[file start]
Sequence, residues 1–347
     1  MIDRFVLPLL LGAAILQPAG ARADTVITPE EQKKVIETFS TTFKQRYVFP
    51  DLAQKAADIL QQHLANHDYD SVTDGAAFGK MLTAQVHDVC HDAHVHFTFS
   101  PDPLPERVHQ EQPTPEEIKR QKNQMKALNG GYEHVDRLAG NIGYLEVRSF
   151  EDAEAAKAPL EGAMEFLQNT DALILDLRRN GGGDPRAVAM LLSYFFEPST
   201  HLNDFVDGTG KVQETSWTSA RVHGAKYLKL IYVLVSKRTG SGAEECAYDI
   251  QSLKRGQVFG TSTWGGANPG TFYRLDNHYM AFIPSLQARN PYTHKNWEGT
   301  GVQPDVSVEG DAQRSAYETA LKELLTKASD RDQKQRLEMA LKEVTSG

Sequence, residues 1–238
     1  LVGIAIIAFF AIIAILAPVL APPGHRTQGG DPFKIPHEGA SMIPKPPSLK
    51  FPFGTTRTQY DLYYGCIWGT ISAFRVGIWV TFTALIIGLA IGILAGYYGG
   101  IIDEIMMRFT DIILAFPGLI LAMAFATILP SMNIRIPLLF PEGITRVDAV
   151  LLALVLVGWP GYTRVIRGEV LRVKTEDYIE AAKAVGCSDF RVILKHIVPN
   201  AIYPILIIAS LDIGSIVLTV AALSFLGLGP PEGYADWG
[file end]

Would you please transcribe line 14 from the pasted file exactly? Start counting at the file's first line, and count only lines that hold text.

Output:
   201  AIYPILIIAS LDIGSIVLTV AALSFLGLGP PEGYADWG